An extensive education campaign is required to overcome false and unfounded fears among parents of unvaccinated children. Legislation is needed to strengthen immunization laws requiring all school-age children to receive the measles vaccination, except for those with a medical exemption certified by a licensed physician. Public health officials should also track and verify both statewide and local immunization rates and should mandate that schools maintain an up-to-date list of pupils with exemptions so they can be excluded quickly if an outbreak occurs, temporarily exclude unvaccinated students and teachers from attending school and offer measles vaccinations for unvaccinated students and teachers.

The MMR vaccine is 99% effective and provides immunity for a lifetime. It was once considered one of the major public health campaign success stories. Now, health officials fear the potential for a public health crisis based on blatantly false research and unfounded fears. The CDC points out that people who refuse to vaccinate usually live in the same community. “When measles find its way into these communities, outbreaks are more likely to occur.” Consumers and parents should confirm with their doctor that they or their children do not have any allergic reactions to other medications. They should also verify that they do not have an immune deficiency condition, which may cause side effects and decrease the vaccine’s usefulness.

The myth that childhood vaccinations lead to autism was based largely on a completely discredited medical research hoax. This myth is still being widely perpetuated today not only by the anti-vaccination conspiracy movement led by Hollywood celebrities but also by the mainstream media.

My heart breaks for the parents of children with autism, including a close family friend. But it breaks my heart even more knowing that thousands of children are unnecessarily exposed to unimaginable consequences of birth defects and death from something so preventable. Parents need to listen to the Surgeon General, the CDC, the Mayo Clinic and the American Academy of Pediatrics and not Hollywood celebrities with zero background in public health.

I would like to thank my research assistant and co-author Ms. Chandler Berke who is a public health/science undergraduate student at the College of Charleston in South Carolina.

Obesity as Disease: A Profound Change

The obesity rate in the U.S. has doubled in the past 15 years. More than 50% of the population is overweight, with a BMI (body mass index) between 25 and 30, and 30% have a BMI greater than 30 and are considered obese. Less than 20% of the population is at a healthy weight, with a BMI less than 25.

On June 16, 2013, the American Medical Association voted to declare obesity a disease rather than a comorbidity factor, a decision that will affect 78 million adults. The U.S. Department of Health and Human Services said the costs to U.S. businesses related to obesity exceed $13 billion each year. With the pending implementation of ICD (International Classification of Diseases) 10 codes, the reclassification of obesity is is fast becoming a reality and will dramatically affect workers’ compensation and cases related to the American Disability Act and amendments.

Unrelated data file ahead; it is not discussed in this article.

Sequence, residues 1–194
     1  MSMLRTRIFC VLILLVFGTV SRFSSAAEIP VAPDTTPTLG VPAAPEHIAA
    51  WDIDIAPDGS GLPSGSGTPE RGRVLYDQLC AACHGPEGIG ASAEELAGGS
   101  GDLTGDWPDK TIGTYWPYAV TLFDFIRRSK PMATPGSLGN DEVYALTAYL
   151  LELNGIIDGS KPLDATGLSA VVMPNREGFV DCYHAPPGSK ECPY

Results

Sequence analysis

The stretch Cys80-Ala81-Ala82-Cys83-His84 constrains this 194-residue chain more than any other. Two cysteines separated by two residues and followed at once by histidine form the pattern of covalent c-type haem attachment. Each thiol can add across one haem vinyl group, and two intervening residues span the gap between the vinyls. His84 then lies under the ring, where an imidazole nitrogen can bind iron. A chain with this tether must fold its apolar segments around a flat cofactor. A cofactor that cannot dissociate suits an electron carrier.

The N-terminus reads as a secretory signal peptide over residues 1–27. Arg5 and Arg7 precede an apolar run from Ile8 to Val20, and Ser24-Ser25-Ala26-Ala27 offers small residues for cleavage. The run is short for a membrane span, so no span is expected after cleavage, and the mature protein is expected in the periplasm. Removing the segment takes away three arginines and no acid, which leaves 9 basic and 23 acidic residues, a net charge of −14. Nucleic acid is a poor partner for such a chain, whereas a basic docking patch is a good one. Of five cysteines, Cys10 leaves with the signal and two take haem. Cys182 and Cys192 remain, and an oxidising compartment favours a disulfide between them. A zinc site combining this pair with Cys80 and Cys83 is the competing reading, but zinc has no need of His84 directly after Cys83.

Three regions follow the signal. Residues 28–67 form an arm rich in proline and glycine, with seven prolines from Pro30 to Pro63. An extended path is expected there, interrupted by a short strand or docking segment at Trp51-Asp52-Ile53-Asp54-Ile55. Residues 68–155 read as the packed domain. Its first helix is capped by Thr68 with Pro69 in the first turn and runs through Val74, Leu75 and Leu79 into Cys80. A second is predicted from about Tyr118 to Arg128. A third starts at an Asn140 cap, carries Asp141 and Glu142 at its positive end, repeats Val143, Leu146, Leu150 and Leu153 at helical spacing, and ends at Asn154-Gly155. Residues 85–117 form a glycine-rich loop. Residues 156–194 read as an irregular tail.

Before the AMA’s obesity reclassification, ICD-9 code 278 related to obesity-related medical complications rather than to obesity. The new ICD-10 coding system now identifies obesity as a disease, which needs to be addressed medically. Obesity can now become a secondary claim, and injured workers will be considered obese if they gain weight because of medications, cannot maintain a level of fitness because of a work-related injury or if their BMI exceeds 30. The conditions are all now considered work-related and must be treated as such.

The problem of obesity for employers is not confined to workers’ compensation. The Americans with Disability Act Amendment of 2008 allows for a broader scope of protection for disabilities. The classification of obesity as a disease now places an injured worker in a protected class pursuant to the ADA amendment. In fact, litigation in this area has already started. A federal district court ruled in April 2014 that obesity itself may be a disability and will be allowed to move forward under the ADA (Joseph Whittaker v. America’s Car-Mart, Eastern District of Missouri).

Obesity as an impairment

Severe obesity is a physical impairment. A sales manager of a used car dealership was terminated for requesting accommodation and won $128,000. He was considered disabled, and the essential function of the job was walking, so he was terminated without reasonable accommodation.

The judge ruled that obesity is an accepted disability and allowed him to pursue his claim against his employer. This could have substantial impact for employers as injured workers could more easily argue that their obesity is a permanent condition that impedes their ability to return to work, as opposed to a temporary life choice that can be reversed.

The Equal Employment Opportunities Commission (EEOC) has recently chimed in on obesity. According to the EEOC, severe [or morbid] obesity body weight, of more than 100% over the norm, qualifies as impairment under the ADA without proof of an underlying physiological disorder. In the last year, we have seen an increasing number of EEOC-driven obesity-related lawsuits. Federal district courts support the EEOC’s position that an employee does not have to prove an underlying condition, especially in cases where there is evidence that the employer perceived the employee’s obesity as a disability or otherwise expressed prejudice against the employee for being obese.

Workers’ compensation claims are automatically reported to CMS Medicare with a diagnosis. When the new ICD-10 codes take effect, an obesity diagnosis will be included in the claim and will require co-digital payments, future medical care or continued treatment by Medicare.